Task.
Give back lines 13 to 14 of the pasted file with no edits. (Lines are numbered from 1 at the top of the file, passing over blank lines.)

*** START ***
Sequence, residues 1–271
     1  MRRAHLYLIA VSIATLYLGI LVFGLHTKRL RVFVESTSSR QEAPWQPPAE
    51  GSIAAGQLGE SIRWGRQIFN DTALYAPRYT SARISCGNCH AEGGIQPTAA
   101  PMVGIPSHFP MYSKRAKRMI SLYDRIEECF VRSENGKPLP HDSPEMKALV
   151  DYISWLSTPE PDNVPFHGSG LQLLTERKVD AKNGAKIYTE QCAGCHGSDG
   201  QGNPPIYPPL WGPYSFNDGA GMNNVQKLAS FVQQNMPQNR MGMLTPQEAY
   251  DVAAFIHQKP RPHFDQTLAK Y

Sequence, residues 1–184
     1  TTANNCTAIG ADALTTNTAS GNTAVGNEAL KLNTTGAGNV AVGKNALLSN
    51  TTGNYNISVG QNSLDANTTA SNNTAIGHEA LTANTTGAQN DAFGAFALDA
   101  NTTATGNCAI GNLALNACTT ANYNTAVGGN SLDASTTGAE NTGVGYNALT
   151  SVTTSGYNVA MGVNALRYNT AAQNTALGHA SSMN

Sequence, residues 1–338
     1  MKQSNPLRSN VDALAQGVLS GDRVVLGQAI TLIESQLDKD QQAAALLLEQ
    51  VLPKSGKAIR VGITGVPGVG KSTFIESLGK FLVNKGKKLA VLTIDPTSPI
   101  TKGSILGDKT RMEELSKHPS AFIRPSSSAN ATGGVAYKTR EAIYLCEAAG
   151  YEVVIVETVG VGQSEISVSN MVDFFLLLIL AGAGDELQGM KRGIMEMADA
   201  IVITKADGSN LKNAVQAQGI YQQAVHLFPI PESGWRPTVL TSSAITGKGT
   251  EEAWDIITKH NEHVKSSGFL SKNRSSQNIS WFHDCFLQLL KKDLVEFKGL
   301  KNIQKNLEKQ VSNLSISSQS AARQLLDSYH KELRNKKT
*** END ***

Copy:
Sequence, residues 1–338
     1  MKQSNPLRSN VDALAQGVLS GDRVVLGQAI TLIESQLDKD QQAAALLLEQ